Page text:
|Sometimes, quite unintentionally, you take a picture under water which, for some reason or other, does not come out as expected, but nevertheless has a pleasing effect on the eye. It may be that it is too dark, too bright, blurred, misframed or has some other quality or distinction which somehow separates it from normality. You have just taken your first underwater abstract photograph - or have you|
The simplest definition of abstract is to separate, or take away. If a photograph is intentionally blurred or in silhouette, it is abstract, as varying degrees of detail line and form have been removed. A monochrome photograph is abstract because it leaves out an important visual element, colour.
A common misconception about colour photography is that it is an exact reproduction of an image. Because the photographic process involves slight distortion, colours of the final result are hardly ever the same as those seen by the photographer at the moment of exposure.
This difference, and differences in the colour emulsions and dyes used by film manufacturers, doesnt necessarily matter, because colours change anyway according to the light and their proximity to one another. But this is why even straight colour photographs are abstract, albeit to a minor degree.
At the end of the day, whether a monochrome or colour image is abstract or not is a matter of extent and opinion. The point is that to be considered abstract, an image must differ sufficiently from the norm to draw attention and provide visual appeal.
Compared with land-based photography, long-established with its picture libraries, books and periodicals depicting a wide range of styles, techniques and subject matters, underwater photography is still in its infancy.
The few abstract underwater pictures that appear in the diving media tend to be predominantly macro, or close-up images of coral or marine life, and always in colour.
Black and white, free from the realism of colour and with its long association with photographic art and the pure craft of photography, could be the obvious abstract choice. Much depends on your preferences and how your ideas are created and developed.
How we make photographs is guided by the kind of people we are. Our ideas are influenced by our parents, childhood, friends, genetic factors, lifestyle and personal experiences. Whether we choose to translate those ideas in black and white or colour is a personal choice - the main thing is to have an open mind.
Many photographers repeat a single idea over and over until it becomes a rigid formula. Too often, over-influenced underwater photographers are afraid to experiment. I see so many photographs in books and magazines which I appreciate as brilliant and beautiful, while aware that I have seen a lot of it before.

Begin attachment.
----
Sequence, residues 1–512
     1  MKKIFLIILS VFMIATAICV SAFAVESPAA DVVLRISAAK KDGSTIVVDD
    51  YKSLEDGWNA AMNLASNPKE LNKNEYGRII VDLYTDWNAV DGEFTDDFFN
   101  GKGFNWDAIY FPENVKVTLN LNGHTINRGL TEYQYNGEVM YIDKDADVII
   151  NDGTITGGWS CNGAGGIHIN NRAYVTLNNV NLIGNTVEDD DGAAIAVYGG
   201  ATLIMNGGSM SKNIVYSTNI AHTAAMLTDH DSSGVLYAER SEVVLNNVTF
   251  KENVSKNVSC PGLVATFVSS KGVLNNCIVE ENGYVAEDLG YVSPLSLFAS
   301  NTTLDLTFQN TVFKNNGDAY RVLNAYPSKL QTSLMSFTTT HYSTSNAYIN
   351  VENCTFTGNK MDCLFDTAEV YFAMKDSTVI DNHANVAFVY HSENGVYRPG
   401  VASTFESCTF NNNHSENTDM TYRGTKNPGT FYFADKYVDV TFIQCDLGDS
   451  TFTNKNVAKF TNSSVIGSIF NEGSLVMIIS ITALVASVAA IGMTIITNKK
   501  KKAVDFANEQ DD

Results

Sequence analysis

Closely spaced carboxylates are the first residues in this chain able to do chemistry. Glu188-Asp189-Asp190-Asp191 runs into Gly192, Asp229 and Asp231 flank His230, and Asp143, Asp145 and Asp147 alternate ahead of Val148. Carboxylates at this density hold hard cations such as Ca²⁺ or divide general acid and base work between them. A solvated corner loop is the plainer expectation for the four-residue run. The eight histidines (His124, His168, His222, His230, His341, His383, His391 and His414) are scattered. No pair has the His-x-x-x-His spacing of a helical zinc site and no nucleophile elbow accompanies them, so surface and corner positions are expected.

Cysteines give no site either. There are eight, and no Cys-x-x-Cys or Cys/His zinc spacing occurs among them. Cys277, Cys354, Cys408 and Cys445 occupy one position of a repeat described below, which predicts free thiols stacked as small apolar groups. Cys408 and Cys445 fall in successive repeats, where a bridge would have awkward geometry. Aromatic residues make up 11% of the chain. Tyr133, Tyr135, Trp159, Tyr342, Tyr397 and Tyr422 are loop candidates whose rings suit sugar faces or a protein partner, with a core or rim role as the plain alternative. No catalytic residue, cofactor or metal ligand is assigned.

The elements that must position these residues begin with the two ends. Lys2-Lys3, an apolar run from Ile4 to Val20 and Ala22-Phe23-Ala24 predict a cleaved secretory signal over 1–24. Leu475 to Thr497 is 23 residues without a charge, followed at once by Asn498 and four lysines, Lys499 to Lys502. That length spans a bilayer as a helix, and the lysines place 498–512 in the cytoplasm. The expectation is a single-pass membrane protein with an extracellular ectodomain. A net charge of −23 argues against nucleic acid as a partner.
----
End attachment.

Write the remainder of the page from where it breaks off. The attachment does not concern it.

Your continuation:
On a Red Sea liveaboard I mentioned in passing to the divemaster, a well-known underwater photographer himself, that I would be loading up with black and white film, as I wanted to capture certain aspects of a particular wreck using this medium.
He muttered: Whatever for and went off, shaking his head.
To this day, I have yet to see another black and white picture of the Thistlegorm, and considering the hundreds of thousands of colour prints and slides that exist of what is perhaps the worlds most popular wreck, it seems sad that in some quarters there is an unwillingness to accept an alternative viewpoint.
Macro photography can be a very effective route to abstraction. Close-ups allow you to find pictures within pictures. By going right into the heart of, say, a delicate soft coral, the result can have an almost artificial form and delicacy of texture, developing hues reminiscent of subtle hand colouring.
The diversity of life found beneath the seas offers countless opportunities for this type of abstract photography and it is easy to understand why most underwater photographers tend to favour this option.
However, silhouettes, part-images, blurring, isolation, creative lighting, the use of ultra-wide lenses, shooting from odd angles or capturing the strange contortions performed by marine life are just a few easy possible ways in which a picture can be made different.
And there are other approaches involving computer-imaging techniques and those associated with the chemistry of developing and printing film, although these are often better suited to the specialist photographer than the generalist.
Abstract has been done before, but with more and more divers taking cameras under water these days it offers an alternative form of self-expression.
To those willing to experiment, it offers the opportunity of creating an image which is unique and - dare I say it - even artistic.